Integrating Long And Short Term Planning (Excerpted from Chapter 6 - Putting it All Together: Developing the Training Plan)

Many coaches rely on long term planning to form the foundation, filling in the details of ever shorter periods of training on the basis of the decisions that were made regarding the longer term plan. Other coaches plan only the next workout or week on the basis of the athlete’s present condition. Yet neither of these approaches is optimal because both short and long term planning are necessary to achieve optimal results. Therefore the key to successful planning is to employ both methods. Many expert coaches who use the long or short term approach as their basis for planning learn to compensate for the deficiencies of the approach they use (the long term planner by making adjustments as he or she goes along to assure that the long term plan does not sacrifice the short term needs of the athlete, and the short term planner by assuring that any short term plan will fit into the longer term needs of the athlete). But such an approach relies on the "gut" of the coach to recognize when adjustments are made. The less experienced coach, or the more experienced one who does not wish to rely completely on his or her instincts to tell him or her when things are going astray, needs a more explicit method for resolving conflict between long and short term plans.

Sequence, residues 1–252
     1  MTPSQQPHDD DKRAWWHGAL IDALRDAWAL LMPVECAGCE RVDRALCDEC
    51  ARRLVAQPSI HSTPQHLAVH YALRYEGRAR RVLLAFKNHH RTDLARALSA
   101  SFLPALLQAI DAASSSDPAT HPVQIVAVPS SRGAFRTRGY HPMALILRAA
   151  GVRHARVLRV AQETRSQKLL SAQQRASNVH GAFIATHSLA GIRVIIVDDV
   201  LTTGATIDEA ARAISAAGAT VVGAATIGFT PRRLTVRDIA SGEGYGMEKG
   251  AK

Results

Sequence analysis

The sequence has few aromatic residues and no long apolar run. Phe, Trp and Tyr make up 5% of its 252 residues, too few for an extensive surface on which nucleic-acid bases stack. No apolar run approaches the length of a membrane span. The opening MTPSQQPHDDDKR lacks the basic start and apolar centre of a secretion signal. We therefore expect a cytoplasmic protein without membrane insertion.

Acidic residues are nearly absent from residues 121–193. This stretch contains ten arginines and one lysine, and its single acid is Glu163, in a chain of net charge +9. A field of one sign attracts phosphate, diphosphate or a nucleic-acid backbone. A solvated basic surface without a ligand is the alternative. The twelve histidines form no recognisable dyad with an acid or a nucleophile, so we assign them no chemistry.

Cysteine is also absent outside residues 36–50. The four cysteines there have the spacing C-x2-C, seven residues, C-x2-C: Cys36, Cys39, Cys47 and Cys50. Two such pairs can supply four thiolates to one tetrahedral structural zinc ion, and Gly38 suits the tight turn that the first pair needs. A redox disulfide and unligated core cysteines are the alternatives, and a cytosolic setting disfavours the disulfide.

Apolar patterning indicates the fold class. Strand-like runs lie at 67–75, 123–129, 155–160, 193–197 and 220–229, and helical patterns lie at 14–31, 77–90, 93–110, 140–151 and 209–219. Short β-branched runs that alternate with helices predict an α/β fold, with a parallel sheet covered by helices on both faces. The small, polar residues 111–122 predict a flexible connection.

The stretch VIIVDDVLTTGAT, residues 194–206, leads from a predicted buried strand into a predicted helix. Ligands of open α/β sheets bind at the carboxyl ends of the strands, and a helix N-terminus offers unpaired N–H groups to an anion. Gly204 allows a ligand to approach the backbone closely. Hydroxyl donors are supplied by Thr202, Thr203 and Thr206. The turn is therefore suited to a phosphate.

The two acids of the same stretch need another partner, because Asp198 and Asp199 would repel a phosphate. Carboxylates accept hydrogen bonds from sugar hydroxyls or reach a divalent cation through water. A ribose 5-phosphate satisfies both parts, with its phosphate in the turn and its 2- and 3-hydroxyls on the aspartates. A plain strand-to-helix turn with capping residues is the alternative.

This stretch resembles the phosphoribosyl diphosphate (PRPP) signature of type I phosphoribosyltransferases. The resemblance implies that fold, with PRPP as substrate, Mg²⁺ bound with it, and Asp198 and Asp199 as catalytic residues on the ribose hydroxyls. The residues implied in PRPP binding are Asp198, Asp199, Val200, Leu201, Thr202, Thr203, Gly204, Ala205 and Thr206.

What method is there for doing this? Surely a coach cannot do both forms of planning at the same time. If short and long term planning are performed separately, how does the coach tie the results of both processes together? Moreover, when each method implies different training prescriptions, which method should have precedence? These are difficult questions, some of which cannot be answered scientifically. They are at the root of the art of coaching. Nevertheless, there are some important guidelines that help lead the coach through these difficult judgments. Three key processes underlie the effective coordination of long and short term approaches to planning: a) identification of the objectives of a specific period of training on the basis of the individual needs of the athlete; b) applying the techniques of long and short term planning in the proper sequence; and, c) using iteration between the long and short term perspectives to integrate them together into a unified and effective whole.

Copyright 1998 A is A Communications. All rights reserved.
Revised: February 15, 1998